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Black Bird Reader’s Guide

By Michel Basilieres

Black Bird by Michel Basilieres


Questions and Topics for Discussion

1. Many reviewers have commented on Michel Basilières’s clear love for his characters, despite the sometimes awful things that they do. How did you feel about the less-than-honourable individuals in the Desouche family (such as Grandfather the misogynistic grave-robber, or Marie the terrorist and brother-tormentor)? In what ways do Basilières’s portrayals make it hard to pin anyone down as “good” or “bad”?

2. In what ways can Black Bird be seen as a portrait of Montreal? Consider not only mentions of the physical city itself — the mountain, the streets, the invisible divisions between French and English neighbourhoods — but how the character of the city can be seen in the Desouche family’s existence and activities.

3. The name “Desouche” is a play on the French expression “de vieille souche,” meaning authentically Québécois. In what ways could you consider the eccentric Desouche family “authentically Québécois”?

4. Throughout, Michel Basilières chooses names for his characters that are loaded with possible meanings and ties to moments in literature and Canadian history. Discuss the meanings of some of the names here, as well as the fact that some characters remain nameless (Father, Uncle, Mother).

5. Why does Aline stay with Grandfather? What solace does she find in the kitchen, and cooking? By the end of the novel, how well is she fitting in with the Desouche family?

6. Michel Basilières has been compared to writers such as Salman Rushdie, Gabriel Garcia Marquez, and Gunter Grass in his ability to weave fantastic elements into his otherwise “realistic” storylines. Discuss some of the more bizarre elements of Black Bird, and what they contribute to the story.

7. Discuss the issue of separatism as it is illuminated by the events of this novel. Who is for it, who against, and why? Could you say that the tensions between the English and the French are equalled by those between the haves and the have-nots?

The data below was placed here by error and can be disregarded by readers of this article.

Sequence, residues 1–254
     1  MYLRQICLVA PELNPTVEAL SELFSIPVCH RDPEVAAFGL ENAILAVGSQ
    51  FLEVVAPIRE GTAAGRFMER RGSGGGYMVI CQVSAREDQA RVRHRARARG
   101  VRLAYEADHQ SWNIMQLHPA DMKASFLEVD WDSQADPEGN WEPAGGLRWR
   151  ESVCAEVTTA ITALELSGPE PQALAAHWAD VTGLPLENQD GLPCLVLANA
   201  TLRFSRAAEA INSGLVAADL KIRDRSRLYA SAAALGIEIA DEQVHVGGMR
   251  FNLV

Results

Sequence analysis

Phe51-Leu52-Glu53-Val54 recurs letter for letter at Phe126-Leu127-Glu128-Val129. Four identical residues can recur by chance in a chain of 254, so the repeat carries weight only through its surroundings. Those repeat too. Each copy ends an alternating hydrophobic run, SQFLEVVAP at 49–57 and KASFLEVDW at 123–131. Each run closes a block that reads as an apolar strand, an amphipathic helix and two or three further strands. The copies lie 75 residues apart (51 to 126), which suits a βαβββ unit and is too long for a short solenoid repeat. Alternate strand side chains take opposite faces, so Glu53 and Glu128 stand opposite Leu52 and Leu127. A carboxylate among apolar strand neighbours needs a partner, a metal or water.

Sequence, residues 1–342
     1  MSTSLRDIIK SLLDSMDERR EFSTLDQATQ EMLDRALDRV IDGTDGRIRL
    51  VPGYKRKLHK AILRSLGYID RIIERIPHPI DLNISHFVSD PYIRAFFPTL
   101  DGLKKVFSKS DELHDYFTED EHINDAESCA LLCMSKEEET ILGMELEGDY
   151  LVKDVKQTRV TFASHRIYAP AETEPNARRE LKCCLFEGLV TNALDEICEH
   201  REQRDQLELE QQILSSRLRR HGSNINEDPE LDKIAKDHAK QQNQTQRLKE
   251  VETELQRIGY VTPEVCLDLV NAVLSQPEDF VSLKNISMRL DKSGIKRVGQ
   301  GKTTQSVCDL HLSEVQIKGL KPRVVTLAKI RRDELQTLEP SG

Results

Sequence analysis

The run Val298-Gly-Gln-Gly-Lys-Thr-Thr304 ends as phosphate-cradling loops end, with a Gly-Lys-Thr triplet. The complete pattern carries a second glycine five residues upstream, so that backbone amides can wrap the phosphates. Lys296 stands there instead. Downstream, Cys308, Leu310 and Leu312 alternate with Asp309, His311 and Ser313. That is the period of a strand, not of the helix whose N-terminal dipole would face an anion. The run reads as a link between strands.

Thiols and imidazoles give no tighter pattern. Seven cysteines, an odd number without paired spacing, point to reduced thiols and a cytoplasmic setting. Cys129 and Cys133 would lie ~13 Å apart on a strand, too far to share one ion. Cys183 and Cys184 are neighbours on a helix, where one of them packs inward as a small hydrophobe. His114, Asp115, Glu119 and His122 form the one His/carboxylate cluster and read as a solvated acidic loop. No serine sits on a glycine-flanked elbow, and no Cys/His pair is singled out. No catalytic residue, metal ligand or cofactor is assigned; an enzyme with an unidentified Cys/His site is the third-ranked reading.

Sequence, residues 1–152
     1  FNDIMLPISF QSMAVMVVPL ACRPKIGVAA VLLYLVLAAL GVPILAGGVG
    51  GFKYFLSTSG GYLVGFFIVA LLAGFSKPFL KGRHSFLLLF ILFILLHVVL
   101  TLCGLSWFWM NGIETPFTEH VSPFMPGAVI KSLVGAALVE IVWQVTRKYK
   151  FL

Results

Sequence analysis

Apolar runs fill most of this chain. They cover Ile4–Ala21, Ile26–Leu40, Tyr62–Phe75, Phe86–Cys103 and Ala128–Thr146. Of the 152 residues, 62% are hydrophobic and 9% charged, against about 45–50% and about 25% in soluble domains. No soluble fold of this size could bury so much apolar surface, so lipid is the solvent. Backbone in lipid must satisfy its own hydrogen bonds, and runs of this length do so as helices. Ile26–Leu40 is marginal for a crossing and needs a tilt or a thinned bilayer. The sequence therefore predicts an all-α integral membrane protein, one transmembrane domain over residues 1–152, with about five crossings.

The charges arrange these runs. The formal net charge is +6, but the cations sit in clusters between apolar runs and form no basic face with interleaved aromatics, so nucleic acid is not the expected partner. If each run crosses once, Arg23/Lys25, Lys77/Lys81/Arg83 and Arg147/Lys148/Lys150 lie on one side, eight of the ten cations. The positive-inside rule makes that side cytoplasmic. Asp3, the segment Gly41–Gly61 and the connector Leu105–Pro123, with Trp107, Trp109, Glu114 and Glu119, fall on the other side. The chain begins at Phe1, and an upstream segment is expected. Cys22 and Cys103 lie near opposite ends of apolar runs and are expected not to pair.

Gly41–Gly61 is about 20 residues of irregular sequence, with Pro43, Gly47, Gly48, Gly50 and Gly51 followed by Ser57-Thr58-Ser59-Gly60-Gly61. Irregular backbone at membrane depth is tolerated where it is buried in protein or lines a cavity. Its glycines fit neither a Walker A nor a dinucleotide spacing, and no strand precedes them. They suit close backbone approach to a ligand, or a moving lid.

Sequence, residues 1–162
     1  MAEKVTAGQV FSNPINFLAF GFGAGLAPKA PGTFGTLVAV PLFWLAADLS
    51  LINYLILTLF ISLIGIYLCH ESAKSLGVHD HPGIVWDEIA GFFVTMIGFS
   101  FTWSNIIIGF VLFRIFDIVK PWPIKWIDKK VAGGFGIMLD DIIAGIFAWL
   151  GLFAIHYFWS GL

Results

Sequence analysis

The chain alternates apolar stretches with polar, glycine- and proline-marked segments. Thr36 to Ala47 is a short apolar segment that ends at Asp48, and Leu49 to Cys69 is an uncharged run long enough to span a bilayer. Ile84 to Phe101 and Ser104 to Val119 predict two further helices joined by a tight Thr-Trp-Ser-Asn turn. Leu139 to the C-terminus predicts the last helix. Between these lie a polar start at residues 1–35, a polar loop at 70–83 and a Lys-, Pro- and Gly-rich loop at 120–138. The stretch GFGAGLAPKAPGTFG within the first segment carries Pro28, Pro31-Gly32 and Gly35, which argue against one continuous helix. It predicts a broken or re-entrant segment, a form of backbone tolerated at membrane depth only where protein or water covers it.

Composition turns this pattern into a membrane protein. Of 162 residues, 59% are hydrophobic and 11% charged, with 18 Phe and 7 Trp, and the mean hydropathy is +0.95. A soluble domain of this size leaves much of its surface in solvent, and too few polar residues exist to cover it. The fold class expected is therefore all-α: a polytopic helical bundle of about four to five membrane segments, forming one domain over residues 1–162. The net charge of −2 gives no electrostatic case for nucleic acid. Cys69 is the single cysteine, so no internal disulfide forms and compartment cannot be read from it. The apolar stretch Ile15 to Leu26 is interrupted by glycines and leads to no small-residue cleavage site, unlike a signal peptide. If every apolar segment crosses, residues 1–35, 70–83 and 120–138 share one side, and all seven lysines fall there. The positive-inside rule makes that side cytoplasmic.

8. Discuss the role of Grace, the crow. How does its shift in allegiance, to Aline, affect the household? Why does it follow Grandfather to the hospital? What kind of meanings can you build into its presence, or bring in from other familiar stories or writings? Why is Black Bird the title of this novel?

9. To what extent is Marie driven by her convictions, or by her love of family? Why does she kidnap John Cross and try to get her brother out of jail?

10. “Salman Rushdie says in The Satanic Verses that to be born again, first you have to die. It happens to a bunch of characters in the book, and they’re transformed.” — Michel Basilières. Discuss the role of rebirth, and the hope it brings, in Black Bird, considering both real and metaphorical deaths (e.g. Mother’s sleep).

11. As Basilières warns us in his Author’s Note, historical facts are used and twisted throughout Black Bird in ways that play on readers’ knowledge and associations — but of course, “Facts are one thing but fiction is another, and this is fiction.” Discuss how your knowledge of Quebec and Canadian history, or other literature, came into play during your reading, and the impact of Basilières’s twists and allusions.

12. Discuss the effect of Basilières’s humour on you as a reader. Were there specific parts of the book that made you laugh out loud? How does the lightness of the novel’s tone work with some of the more dark and dramatic events at hand?

13. Why does Basilières end the novel with the same words that open it? What do you think of the link suggested between Jean-Baptiste and our narrator?

14. What do you think the future holds for the Desouche family?

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